9. 9. Introduction of Functional Skills <ul><li>need to map and integrate into the curriculum – [introduce, practice and develop] </li></ul><ul><li>need for application in a wide range of contexts and situations [cross curricular opportunities] </li></ul><ul><li>need for learners to operate as independent learners [Level 2] </li></ul><ul><li>Need for all teachers to share a common understanding of Functional Skills </li></ul>
  10. 10. Schools are expected to: <ul><li>design and deliver “a dynamic, forward-looking curriculum that creates opportunities for learners to develop as self-managers, creative thinkers, reflective learners, problem-solvers, team workers, independent learners, and effective communicators.” </li></ul><ul><li>deliver the subject specific curriculum; all wrapped up in a package that interests, inspires and engages the learner. </li></ul>
  11. 11. Shift from Teaching to Learning <ul><li>Be expected to reflect on their learning; identifying how they can improve and exercising choice as they develop as independent, lifelong learners. </li></ul><ul><li>need to be self motivated and self regulated making decisions about what they need to learn, how and when they learn – have voice in the design of learning experiences </li></ul>will require the learner to take on new roles and responsibilities. They will:
  12. 12. What will the learner do in their Personal Learning Environment? <ul><li>Make decisions about: what it is that they will do; what it is that they will try to learn; what it is that they will try to learn how to do; who they will seek advice and support from; </li></ul>
  13. 13. Moving towards personalised learning <ul><li>Currently, teachers plan a curriculum and deliver it by guiding the learner; by metering out and controlling the learning diet. </li></ul><ul><li>How will schools ‘control/influence’ what learners experience or learn? </li></ul><ul><li>How will the learner know what it is that they ‘should’ learn? </li></ul><ul><li>How will the learner know what opportunities and learning activities are available to them? </li></ul>
  14. 14. Need for a curriculum that: <ul><li>Integrates, maps and highlights generic skills; </li></ul><ul><li>Supports the individual learner identifying content and skills that need to be learnt, along with activities resources that will support the learning; </li></ul><ul><li>The learner can use to help them make their own decisions about what it is that they learn; when and how; </li></ul><ul><li>Is accessible to the learner; anywhere, anytime in an appropriate format. </li></ul>
  15. 15. Collaboration <ul><li>Increasingly, learners will work in a number of different settings; school based, college based and training provider based; </li></ul><ul><li>All partners will need to share a common understanding of the Functional Skills, Personal Learning and Thinking skills, Diploma requirements etc; </li></ul><ul><li>This common understanding must permeate through into the experiences and opportunities provided for the learner in each of the settings that they work in; </li></ul><ul><li>Teacher will need to collaborate on curriculum development. </li></ul>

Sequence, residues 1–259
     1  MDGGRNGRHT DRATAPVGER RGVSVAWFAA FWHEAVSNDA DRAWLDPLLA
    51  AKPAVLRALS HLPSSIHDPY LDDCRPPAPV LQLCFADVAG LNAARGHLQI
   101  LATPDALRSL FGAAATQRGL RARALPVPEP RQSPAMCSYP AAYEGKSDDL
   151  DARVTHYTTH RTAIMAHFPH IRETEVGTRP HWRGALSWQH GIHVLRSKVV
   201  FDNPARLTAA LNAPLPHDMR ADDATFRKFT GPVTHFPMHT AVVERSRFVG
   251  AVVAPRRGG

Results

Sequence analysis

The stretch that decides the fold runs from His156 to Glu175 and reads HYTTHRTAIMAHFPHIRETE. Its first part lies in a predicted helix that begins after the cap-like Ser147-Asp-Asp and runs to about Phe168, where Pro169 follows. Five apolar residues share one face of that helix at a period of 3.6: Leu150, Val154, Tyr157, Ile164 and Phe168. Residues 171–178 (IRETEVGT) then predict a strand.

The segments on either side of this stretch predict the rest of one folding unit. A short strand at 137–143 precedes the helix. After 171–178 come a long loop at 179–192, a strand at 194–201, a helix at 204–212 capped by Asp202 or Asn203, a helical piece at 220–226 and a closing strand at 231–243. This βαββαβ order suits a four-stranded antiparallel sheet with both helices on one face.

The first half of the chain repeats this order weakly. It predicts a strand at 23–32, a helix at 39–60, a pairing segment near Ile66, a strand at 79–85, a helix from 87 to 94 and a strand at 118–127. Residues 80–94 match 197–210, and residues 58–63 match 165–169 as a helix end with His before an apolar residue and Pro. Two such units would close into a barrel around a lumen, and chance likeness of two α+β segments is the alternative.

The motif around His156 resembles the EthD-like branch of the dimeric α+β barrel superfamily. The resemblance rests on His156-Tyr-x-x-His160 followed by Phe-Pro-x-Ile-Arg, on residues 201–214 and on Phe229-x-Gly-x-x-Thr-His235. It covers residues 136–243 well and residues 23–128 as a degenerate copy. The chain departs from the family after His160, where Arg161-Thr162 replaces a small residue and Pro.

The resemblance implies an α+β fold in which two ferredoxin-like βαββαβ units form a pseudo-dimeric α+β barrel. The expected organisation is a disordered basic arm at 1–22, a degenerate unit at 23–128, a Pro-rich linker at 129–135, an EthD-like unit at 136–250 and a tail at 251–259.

16. 16. Curriculum Development <ul><li>The tools and techniques that we currently use to ‘push’ learning towards the learner need to be either adapted, or traded-in for something that will support and service this learner ‘demand’; </li></ul><ul><li>Need to make the learner aware of what they don’t know and what they need to know before they can plan their own learning. </li></ul>
  17. 17. Towards a Web 2 Solution <ul><li>Need to: </li></ul><ul><li>Plan; </li></ul><ul><li>Support Collaboration + multi-site learning; </li></ul><ul><li>Audit and Map Generic skills; </li></ul><ul><li>Accessible to learners </li></ul><ul><li>Support anywhere, anytime access; </li></ul><ul><li>harness technology </li></ul>= Web 2? = Web based Curriculum Planning or Mapping tools?
  18. 18. Web based curriculum mapping. <ul><li>a process that focuses on what is taught, how it is taught, when it is taught, how it is resourced and how it will be assessed </li></ul>
  19. 19. <ul><li>Learning Menu/Agenda </li></ul><ul><li>Planned Curriculum </li></ul><ul><li>available Learning opportunities </li></ul><ul><li>suggested Learning opportunities </li></ul><ul><li>Links to supporting activities and resources </li></ul>Feeding Learning in a Personal Learning Environment Curriculum Drivers National Curriculum etc Curriculum Mapping Process Teachers collaborate to design, map and resource the curriculum